Novel grasses may be the answer to the next generation of lawn care

Posted by on Mar 24, 2013 in Aeration, Grub, Landscape, Lawn Care, Nematode, News, Organic LawnCare, Property Maintenance, Uncategorized, Woodstock Ontario | Comments Off on Novel grasses may be the answer to the next generation of lawn care

With issues of lawn care inputs such as fertilizers, marginal effective weed control and water usage top of mind with homeowners, new varieties of tall fescues and perennial rye grasses may offer the solution.

What to do with a terrible lawn? Simply the biggest reason for many poor lawns is that there is little or no soil underneath to support a thriving lawn on top. Without adequate soil, your lawn will always struggle to grow and sustain itself. Last year, we did a complete re-sodding of a lawn and found two 5 gallon oil barrels, a plethora of gravel, stones, mortar and about 1 inch of sparsely graded top soil.  We added about 5 tonnes of top soil and then laid the sod which should with property lawn care measures and weekly maintenance (cutting with razor sharp lawnmower) should be just fine. So good soil is the foundation to a decent lawn. If that box is ticked then the next step is seeding your lawn from a mono-culture (1 grass variety usually Kentucky) to a more diversified grass variety.

This season for our over-seeding we are using a mix of grass that contains creeping fescue and rye. The creeping Fescue/Rye are valued for their drought tolerance, lower need for fertilizers and its capacity for lateral spread. Fescue puts deeper roots down into the soil and with its capacity for lateral spread which hastens recuperation especially in high traffic areas. The fescue grass is also coated with a natural endophhyte which is more resistant to infestation from grubs. I am a realistic lawn care manager and recommend over seeding with these new grass varieties but as all sales goes, it is not the perfect pill and will not guarantee the perfect lawn. The only thing that will guarantee a perfect lawn is good soil, adopting best practices for nutritive balance for your lawn and proper mowing and maintenance techniques.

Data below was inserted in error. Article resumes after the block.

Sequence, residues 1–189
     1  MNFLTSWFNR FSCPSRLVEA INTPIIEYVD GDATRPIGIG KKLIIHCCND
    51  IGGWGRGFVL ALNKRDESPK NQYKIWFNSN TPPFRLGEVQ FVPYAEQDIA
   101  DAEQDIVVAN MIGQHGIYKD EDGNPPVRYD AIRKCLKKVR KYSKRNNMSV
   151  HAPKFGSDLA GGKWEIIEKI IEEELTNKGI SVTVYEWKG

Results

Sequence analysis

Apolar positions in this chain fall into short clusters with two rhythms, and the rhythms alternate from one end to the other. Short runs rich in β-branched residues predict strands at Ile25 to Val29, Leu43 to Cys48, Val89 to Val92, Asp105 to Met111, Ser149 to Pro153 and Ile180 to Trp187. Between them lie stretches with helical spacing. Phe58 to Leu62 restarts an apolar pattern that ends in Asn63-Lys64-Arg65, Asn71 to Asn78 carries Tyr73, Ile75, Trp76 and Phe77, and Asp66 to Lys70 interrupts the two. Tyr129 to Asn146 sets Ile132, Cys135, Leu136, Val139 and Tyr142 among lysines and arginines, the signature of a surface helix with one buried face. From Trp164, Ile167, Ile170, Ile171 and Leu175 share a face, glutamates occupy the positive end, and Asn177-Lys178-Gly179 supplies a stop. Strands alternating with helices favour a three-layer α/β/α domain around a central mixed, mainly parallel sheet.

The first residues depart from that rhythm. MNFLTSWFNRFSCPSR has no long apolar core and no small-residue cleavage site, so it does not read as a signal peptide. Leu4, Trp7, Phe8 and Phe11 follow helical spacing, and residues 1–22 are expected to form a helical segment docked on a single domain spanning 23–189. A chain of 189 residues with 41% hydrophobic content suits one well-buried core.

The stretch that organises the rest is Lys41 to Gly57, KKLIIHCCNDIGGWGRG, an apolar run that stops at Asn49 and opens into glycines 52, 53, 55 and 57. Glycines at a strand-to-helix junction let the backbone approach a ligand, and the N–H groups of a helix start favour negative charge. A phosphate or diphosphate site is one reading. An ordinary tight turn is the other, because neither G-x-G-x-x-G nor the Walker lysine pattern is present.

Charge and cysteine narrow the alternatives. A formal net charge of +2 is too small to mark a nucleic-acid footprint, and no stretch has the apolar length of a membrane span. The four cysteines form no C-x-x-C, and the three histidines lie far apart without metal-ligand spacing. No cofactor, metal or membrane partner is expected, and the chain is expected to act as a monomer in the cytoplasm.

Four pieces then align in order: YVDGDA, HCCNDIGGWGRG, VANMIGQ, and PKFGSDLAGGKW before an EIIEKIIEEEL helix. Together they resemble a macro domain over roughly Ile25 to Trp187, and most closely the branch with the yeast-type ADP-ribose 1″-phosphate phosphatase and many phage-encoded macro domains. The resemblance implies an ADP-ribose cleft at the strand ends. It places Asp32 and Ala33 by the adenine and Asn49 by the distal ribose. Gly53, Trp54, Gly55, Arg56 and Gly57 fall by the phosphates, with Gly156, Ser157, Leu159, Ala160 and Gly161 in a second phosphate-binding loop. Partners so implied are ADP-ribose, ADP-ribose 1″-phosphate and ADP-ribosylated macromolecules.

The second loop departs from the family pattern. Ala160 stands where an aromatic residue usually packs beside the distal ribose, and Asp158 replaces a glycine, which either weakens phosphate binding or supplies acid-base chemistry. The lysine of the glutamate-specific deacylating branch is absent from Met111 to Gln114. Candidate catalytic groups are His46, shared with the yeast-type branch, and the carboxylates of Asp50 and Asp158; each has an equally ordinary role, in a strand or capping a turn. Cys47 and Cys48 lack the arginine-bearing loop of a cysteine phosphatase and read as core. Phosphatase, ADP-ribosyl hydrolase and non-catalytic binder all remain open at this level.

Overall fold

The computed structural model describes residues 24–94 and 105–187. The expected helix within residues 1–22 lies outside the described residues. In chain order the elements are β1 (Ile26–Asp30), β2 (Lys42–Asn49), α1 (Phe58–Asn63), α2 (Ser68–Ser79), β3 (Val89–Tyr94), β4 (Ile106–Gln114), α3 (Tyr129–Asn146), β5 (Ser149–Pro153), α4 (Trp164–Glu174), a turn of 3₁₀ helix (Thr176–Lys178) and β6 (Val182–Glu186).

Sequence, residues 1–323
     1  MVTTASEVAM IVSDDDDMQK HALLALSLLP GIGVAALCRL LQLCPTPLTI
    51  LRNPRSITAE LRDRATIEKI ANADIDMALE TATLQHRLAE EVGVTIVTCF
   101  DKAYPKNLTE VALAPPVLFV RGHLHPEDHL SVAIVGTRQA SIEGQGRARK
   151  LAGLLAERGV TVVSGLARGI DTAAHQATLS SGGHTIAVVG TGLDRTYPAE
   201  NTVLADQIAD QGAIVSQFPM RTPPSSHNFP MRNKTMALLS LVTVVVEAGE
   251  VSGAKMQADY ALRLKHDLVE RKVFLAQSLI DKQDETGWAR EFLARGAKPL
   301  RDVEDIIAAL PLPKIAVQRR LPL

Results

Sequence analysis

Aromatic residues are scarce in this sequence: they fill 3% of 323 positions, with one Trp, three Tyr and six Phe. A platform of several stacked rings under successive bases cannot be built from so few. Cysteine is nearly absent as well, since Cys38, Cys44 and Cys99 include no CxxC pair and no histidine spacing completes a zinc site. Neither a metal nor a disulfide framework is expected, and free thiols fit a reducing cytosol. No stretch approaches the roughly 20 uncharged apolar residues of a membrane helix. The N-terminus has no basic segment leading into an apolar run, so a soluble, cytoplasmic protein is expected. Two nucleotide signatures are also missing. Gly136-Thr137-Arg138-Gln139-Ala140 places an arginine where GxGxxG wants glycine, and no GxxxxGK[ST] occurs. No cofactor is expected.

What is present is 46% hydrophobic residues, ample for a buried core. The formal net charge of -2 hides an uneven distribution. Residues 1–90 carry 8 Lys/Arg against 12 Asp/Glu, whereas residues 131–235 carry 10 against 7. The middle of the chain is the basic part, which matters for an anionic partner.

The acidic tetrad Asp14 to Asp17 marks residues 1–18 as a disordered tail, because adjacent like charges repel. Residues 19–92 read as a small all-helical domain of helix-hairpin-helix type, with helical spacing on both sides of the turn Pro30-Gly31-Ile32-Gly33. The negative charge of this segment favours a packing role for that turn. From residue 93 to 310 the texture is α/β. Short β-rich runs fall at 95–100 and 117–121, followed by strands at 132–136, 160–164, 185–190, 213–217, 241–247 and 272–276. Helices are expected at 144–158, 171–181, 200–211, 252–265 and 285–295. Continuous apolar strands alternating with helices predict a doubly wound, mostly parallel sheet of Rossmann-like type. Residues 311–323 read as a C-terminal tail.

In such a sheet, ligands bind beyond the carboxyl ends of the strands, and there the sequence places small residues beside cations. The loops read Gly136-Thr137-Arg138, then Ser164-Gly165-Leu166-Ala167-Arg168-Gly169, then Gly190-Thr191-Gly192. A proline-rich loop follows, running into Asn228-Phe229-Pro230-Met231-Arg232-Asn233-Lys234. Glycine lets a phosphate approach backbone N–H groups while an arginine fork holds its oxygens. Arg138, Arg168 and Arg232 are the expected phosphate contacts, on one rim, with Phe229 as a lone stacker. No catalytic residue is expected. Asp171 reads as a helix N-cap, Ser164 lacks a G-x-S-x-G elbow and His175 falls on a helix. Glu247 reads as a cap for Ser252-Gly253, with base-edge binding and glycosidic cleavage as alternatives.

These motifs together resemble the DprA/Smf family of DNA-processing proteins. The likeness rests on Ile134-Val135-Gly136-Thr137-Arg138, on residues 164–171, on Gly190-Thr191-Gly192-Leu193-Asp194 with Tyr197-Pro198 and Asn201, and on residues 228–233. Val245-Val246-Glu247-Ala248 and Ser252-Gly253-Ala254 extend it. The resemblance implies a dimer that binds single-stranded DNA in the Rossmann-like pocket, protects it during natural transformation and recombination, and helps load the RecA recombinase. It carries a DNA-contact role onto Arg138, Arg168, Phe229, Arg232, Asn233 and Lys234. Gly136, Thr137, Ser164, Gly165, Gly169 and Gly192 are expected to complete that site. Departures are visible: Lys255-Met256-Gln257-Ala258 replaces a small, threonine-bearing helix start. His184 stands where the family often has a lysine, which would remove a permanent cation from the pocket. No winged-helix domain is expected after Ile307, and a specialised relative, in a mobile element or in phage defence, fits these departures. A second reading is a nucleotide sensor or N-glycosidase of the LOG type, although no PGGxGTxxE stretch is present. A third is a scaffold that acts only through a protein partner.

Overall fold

For a long time the use of fescue was limited as its growth was clumpy and would not fill in throughout a lawn. The newer cultivars are creeping fescue and rye which have characteristics that allow them to creep and fill in a lawn and not have the clumpy look. These creeping fescues and rye have growth characteristics similar to Kentucky bluegrass which is the standard for a perfect lawn in North America.

 

Our owners daughter foot feeling a lush carpet of organically maintained grass

Our owners daughter foot feeling a lush carpet of organically maintained grass

 

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